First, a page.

You know a politician is looking for applause when he speaks in front of a crowd of college students and says he’s there to help them pay back their student loans. After all, who doesn’t like the prospect of free money? But as the saying (sort of) goes, beware of politicians bearing gifts. That’s especially true this week as President Barack Obama travels the country warning students that their student loan interest rates are set to double and that he has the answer to all their problems.

Guess what? He doesn’t. But if there’s one thing the president has managed to accomplish, it’s in turning this issue into a political football. And now the House of Representatives is joining the game.

This all began back in 2007 when Democrats pushed for a five-year student loan interest rate reduction to 3.4 percent as a temporary subsidy in order to help make the loans more affordable. Now that “temporary” subsidy is set to expire, meaning that rates will return to their original 6.8 percent levels. In the midst of all this, the House is expected to vote today on a measure that would keep interest rates where they are — costing taxpayers $5.9 billion for a one-year extension. And under the proposal, the extension would be paid for by taking funds from Obamacare’s Prevention and Public Health Fund. Obamacare, instead, should be repealed outright — not used as a “slush fund” to pay for other programs.

But besides the measure being a flawed and costly way to pay for the lower interest rates, there’s an even bigger problem. The supposed benefits of keeping the interest rates at 3.4 percent are largely illusory, and the president is selling students a bag of magic beans. Economist Douglas Holtz-Eakin explains on National Review‘s “The Corner”:

[The interest rate increase] sounds serious. After all, there are 39 million Americans with student loans owing over a trillion dollars of debt, and interest rates doubling from 3.4 percent to 6.8 percent would be a huge hit at a time when households are already struggling.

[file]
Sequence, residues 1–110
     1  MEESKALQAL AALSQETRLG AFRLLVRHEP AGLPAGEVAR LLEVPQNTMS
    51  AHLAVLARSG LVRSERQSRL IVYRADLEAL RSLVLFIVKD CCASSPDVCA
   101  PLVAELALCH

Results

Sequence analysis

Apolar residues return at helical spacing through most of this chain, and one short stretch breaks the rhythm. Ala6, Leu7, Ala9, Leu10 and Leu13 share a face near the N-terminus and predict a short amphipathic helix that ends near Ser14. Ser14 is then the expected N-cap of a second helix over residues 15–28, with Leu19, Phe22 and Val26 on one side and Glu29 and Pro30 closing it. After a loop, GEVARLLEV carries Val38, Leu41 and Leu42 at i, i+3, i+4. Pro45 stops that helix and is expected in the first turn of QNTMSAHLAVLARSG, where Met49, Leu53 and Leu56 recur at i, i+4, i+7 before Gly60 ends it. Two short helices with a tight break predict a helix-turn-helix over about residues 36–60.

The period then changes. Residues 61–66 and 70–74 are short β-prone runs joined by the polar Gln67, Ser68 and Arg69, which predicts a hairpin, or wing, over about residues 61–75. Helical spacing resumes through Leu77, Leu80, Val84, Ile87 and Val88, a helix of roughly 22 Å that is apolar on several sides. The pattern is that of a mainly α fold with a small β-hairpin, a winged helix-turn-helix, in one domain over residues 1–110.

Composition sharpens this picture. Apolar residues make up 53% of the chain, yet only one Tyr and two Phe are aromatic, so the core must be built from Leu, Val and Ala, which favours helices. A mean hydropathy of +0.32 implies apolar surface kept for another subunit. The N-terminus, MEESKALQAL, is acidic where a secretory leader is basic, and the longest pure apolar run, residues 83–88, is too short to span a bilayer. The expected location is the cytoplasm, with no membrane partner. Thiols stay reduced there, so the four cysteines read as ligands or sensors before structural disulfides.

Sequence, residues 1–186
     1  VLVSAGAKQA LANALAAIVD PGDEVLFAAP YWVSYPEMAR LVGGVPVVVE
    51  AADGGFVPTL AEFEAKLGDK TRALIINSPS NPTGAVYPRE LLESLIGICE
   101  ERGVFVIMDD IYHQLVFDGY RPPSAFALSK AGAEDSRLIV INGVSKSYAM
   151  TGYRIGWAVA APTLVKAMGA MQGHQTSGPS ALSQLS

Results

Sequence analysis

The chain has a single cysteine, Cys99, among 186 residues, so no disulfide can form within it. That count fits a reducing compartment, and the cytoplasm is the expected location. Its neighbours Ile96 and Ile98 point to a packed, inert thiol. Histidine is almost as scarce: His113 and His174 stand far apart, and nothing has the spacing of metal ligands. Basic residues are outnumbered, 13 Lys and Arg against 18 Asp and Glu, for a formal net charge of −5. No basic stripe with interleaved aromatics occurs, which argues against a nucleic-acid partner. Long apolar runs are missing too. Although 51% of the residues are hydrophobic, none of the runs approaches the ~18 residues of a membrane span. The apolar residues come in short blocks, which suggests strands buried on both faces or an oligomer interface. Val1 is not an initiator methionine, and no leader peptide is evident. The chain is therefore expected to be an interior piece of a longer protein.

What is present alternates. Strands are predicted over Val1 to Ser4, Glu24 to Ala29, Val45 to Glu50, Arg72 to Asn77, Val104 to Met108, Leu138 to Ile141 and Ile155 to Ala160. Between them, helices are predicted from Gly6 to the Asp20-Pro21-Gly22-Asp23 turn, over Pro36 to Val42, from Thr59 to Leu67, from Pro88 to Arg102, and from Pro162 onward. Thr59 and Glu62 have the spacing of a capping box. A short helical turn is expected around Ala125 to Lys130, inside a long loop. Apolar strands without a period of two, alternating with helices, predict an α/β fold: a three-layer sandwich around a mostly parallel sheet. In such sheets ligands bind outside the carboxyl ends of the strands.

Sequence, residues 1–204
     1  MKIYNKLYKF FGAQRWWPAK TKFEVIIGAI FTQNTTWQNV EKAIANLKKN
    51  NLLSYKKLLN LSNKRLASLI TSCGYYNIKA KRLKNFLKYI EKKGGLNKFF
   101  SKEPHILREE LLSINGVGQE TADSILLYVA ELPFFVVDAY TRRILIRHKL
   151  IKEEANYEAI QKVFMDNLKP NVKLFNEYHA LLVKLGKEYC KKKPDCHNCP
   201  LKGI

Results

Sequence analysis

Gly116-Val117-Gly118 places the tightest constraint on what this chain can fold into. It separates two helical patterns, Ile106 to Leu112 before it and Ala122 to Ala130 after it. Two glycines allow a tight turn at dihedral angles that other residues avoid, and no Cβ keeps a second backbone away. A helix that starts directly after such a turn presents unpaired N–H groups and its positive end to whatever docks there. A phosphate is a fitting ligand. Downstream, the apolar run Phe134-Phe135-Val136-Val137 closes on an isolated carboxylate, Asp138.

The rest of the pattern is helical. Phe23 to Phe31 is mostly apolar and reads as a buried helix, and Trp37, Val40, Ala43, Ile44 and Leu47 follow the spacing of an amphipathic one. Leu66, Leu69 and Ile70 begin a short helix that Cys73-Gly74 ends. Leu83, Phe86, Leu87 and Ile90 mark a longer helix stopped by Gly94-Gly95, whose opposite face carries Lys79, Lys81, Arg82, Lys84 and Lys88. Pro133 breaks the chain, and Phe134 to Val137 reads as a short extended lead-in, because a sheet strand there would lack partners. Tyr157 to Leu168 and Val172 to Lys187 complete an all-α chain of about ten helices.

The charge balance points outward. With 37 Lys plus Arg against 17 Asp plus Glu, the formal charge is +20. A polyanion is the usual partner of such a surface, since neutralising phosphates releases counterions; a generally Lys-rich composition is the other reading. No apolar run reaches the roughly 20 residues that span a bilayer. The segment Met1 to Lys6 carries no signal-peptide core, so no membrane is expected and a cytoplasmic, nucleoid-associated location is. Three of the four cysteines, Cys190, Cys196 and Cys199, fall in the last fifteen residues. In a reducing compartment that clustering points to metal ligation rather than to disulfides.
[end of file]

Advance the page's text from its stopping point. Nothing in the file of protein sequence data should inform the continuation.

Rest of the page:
Serious, except that the president’s plan would apply only to those 23 million loans being borrowed directly from the federal government. Except that not all of those would benefit; it would apply only to the 9.5 million loans being borrowed through the so-called subsidized Stafford loans. Except the lower rate would apply only to new borrowers who apply this year. Except that no payments are made until after graduation, so it would not help anyone for several years. Except that it would lower monthly payments by an average of only $7.

In other words, for an incredibly high cost, students are realizing very little benefit. And don’t forget, these are loans that they’re voluntarily taking on as part of an investment to benefit themselves.

None of this is to say that the federal government should spend even more to subsidize student loans in an effort to make college more affordable. It absolutely should not. Federally subsidized student loans are handed out to millions of college students regardless of risk — let alone whether they can handle college-level work. Thanks to taxpayer backing, the loans are offered at rates far below what private lenders would offer. When the students can’t afford to pay, the American people are stuck with the bill.

On top of all this, government intervention in the higher education marketplace hasn’t even succeeded in bringing down college costs. In fact, the price of a degree has risen right along with government spending. Pell grants have increased 475 percent since 1980, and yet the cost of attending college has increased 439 percent since 1982. It’s a vicious cycle that will only get worse with more government subsidies.

There’s a better way to drive down college costs. Heritage’s Stuart Butler writes that the higher education industry is on the verge of a “transformative re-alignment,” and notes:

…most college leaders live in a bubble in which the costs of ever more elaborate facilities, expanding administrative bureaucracies, and high-profile professors with light teaching loads can simply be passed on to customers in the form of higher tuition.

But those days are about to end. Underneath the surface, upstart institutions are perfecting radically new education technologies and business plans at the same time that young people and their parents are becoming more frustrated with the traditional higher-ed model, and more open-minded about alternatives. There is every reason to suspect that, quite soon, these new institutions will do to higher education what Sony did to radios and Apple did to computing. Afterward, our colleges and universities will never be the same. Few Americans, one suspects, will look back in regret.

Sure, it might strike all the right populist tones to tell college students that you’re going to give them a hand out, but the caustic effects of the policy will only make higher education more costly over time. Instead of a short-term spending splurge that has little benefit, Washington should pursue a long-term strategy that gives students the help they really need.

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